Reserve Bank of India (REI) governor Raghuram Rajan on Friday brought the focus back on inflation, increasing the repo rate — which in normal circumstances acts as the operational policy rate — by 25 basis points to 7.5% while simultaneously attempting to ease the funding stress being faced by companies and banks by bringing down the cost of money.
Partially reversing measures announced by his predecessor D Subbarao to support the rupee, Rajan brought down the marginal standing facility (MSF) rate by 75 basis points to 9.5% from 10.25%.
“The calibrated withdrawal will provide a boost to growth, reduce the financing distortions in the market and reduce the strain on corporate and bank balance sheets,” Rajan said, adding that easing the exceptional measures was warranted in the light of the improved external environment and measures taken by the government and the REI to tackle the current account deficit and its funding.
Cumulatively, these two measures will bring down the cost of funds borrowed by banks from the REI by roughly R450 crore, assuming an average liquidity deficit of R1 lakh crore.
Ironically, while the cost of market borrowings may ease marginally, loan rates for retail borrowers may continue to rise with bankers choosing to take their cue from the prevailing tight liquidity conditions as also the RBI’s decision to hike the repo rate citing the need to bring down inflation to “more tolerable levels” and to “anchor inflation and inflationary expectations”.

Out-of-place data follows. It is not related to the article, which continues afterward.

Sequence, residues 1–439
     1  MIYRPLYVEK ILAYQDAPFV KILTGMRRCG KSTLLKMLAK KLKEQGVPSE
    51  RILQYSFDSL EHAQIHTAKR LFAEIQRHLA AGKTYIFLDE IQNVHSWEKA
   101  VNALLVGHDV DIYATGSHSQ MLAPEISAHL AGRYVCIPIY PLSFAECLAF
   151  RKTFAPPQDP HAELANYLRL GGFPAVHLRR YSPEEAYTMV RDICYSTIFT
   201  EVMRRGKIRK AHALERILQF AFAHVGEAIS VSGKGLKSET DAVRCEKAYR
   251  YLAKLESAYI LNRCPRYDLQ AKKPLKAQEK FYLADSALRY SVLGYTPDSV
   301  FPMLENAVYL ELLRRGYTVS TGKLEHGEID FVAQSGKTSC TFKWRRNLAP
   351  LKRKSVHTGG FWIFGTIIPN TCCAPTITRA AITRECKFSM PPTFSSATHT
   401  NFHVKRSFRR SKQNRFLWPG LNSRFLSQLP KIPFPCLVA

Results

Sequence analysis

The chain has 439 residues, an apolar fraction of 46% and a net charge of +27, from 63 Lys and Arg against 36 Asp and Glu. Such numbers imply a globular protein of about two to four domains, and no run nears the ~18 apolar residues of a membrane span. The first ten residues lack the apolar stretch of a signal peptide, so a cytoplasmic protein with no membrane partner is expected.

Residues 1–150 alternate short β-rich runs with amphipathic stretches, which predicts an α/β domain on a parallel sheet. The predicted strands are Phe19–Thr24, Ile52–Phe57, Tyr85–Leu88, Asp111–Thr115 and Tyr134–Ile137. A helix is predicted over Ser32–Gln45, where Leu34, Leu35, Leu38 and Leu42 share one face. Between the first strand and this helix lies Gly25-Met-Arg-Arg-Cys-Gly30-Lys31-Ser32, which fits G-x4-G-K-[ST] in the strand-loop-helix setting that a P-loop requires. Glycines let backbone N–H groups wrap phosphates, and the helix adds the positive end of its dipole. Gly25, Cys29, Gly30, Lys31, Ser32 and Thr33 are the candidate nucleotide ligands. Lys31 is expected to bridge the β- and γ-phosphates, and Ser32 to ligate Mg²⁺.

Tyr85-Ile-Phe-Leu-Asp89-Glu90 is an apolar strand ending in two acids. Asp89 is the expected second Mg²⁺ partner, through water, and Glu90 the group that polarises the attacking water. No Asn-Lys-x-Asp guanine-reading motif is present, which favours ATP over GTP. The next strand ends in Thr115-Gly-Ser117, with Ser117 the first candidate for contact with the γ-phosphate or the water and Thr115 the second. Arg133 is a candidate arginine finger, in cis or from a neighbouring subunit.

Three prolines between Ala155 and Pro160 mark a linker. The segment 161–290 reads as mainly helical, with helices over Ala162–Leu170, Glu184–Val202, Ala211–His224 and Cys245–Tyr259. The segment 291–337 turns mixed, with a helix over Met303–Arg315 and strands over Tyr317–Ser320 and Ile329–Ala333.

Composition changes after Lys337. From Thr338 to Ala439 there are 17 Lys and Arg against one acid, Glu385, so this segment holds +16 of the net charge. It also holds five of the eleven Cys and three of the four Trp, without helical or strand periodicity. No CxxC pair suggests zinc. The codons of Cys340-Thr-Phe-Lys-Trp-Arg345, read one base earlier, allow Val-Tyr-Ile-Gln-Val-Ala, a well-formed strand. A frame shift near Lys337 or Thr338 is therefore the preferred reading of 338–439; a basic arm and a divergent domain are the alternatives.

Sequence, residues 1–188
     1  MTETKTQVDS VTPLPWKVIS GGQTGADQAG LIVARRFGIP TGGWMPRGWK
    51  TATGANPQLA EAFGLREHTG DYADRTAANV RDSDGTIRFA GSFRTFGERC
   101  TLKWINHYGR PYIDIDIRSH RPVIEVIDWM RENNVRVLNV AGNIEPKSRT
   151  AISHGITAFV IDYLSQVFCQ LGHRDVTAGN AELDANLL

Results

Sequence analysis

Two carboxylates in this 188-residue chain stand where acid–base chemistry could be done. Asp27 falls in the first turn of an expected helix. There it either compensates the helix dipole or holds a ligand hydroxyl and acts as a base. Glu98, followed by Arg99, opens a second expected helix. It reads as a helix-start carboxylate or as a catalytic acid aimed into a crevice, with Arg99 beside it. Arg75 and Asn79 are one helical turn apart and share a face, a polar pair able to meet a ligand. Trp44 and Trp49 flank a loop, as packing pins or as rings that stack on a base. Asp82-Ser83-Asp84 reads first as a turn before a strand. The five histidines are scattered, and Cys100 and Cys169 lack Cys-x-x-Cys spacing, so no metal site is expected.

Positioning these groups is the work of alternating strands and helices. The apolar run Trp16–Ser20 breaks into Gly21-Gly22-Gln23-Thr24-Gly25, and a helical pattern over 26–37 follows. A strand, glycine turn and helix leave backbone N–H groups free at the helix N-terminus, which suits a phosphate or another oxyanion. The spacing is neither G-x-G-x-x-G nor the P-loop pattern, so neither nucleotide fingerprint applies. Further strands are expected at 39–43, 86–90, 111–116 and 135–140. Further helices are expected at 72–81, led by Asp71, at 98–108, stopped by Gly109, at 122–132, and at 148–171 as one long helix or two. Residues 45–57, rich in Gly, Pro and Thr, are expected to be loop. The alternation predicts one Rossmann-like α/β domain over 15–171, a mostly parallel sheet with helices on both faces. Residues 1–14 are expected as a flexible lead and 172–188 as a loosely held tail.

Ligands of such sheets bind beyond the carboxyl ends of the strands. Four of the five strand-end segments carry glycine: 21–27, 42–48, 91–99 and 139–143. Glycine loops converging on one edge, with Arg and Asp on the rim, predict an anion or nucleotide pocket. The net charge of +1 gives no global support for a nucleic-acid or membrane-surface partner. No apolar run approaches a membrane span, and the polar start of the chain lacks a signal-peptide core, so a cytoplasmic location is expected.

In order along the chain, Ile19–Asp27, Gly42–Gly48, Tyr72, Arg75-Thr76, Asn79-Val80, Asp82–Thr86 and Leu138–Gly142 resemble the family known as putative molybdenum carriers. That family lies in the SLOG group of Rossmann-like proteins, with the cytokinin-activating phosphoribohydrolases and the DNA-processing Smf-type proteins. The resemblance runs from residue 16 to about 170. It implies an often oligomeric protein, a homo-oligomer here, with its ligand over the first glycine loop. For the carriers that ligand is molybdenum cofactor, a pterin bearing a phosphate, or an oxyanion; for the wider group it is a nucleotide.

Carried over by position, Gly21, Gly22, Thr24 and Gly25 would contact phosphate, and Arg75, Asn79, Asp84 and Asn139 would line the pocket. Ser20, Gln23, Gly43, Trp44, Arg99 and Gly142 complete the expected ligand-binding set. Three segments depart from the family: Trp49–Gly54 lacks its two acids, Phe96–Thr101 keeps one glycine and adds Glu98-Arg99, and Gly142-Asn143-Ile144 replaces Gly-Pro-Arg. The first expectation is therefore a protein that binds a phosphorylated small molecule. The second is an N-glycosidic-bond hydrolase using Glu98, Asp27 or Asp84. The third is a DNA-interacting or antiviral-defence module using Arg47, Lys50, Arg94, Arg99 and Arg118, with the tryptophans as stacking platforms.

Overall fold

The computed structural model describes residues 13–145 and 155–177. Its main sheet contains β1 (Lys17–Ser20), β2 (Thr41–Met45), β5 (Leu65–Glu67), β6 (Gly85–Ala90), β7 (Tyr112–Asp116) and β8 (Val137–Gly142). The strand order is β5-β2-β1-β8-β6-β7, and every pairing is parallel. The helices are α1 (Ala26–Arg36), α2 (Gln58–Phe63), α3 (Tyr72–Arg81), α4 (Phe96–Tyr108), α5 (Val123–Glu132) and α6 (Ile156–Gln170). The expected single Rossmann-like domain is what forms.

“Now the busy season has started so there is a huge credit demand and banks are scrambling for deposits. Deposit rates, I think, will go up and accordingly lending rates can also go up,” State Bank of India chairman Pratip Chaudhuri said.
The cut in the MSF rate brought down the cost of funds in the commercial paper (CP) and certificate for deposit (CD) markets — used by corporates and market to borrow short-term funds — by up to 25 basis points, with three-month CP rates slipping from over 11% on Thursday to near 10.5% on Friday and CD rates slipping from near 10% to 9.8%.
Banks can now borrow up to 0.5% of